"It is incumbent upon the insurer to show not only that the statements complained of were untrue but, in addition, that their falsity was known to the applicant, that they were material to the risk, and relied on by the insurer, and that they were made with the intent to deceive and defraud the company. * * *"

See also Ellis v. Capital Life and Health Ins. Co., 229 S.C. 388, 93 S.E.2d 118.

Defendant further alleges error by the trial Judge in admitting, over defendant's objection, testimony of plaintiff that defendant's agent had been informed of plaintiff's previous medical history. This testimony is not as alleged by defendant an attempt to vary by parol evidence the terms of a written contract, but rather is admissible under the rule that parol evidence is competent to refute an allegation of procurring insurance by fraud. Willett v. National Accident and Health Insurance Co., 208 N.C. 344, 180 S.E. 580. An insurance company is bound by the knowledge of an agent acting within the scope of his authority, as to applicant's physical condition. Roberts v. National Benefit Life Ins. Co., 150 S.C. 326, 148 S.E. 179; and the knowledge of the agent may be proved by parol evidence. Pearlstine et al. v. Phoenix Ins. Co., 74 S.C. 246, 54 S.E. 372.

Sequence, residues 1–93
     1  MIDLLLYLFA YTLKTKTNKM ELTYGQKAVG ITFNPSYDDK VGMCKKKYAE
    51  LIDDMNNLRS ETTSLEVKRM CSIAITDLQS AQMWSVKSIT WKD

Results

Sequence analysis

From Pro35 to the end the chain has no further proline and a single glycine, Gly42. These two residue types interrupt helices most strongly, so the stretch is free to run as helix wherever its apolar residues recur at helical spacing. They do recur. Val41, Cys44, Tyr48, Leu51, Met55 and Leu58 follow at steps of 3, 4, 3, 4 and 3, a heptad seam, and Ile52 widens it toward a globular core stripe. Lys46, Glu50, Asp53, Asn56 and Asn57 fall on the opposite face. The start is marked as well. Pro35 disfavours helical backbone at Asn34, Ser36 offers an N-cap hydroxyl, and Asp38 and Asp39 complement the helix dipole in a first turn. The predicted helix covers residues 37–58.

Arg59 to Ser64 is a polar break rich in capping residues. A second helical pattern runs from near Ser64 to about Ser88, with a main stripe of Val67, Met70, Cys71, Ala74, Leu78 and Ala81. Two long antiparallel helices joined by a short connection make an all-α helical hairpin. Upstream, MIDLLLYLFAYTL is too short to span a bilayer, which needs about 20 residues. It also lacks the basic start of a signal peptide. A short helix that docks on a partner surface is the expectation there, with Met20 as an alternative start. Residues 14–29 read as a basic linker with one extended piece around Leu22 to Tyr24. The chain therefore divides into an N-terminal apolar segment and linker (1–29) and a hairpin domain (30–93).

"The knowledge of an agent acquired within the scope of his agency is imputable to his principal, and, if an insurance company, at the inception of the contract of insurance has knowledge of facts which render the policy void at its option, and the company delivers the policy as a valid policy, it is estopped to assert such ground of forfeiture." Fludd v. Equitable Life Assurance Society, 75 S.C. 315, 55 S.E. 762.

For the foregoing reasons, we are of opinion that all exceptions should be dismissed and the Order appealed from affirmed; and it is so ordered.



BUSSEY, J., did not participate.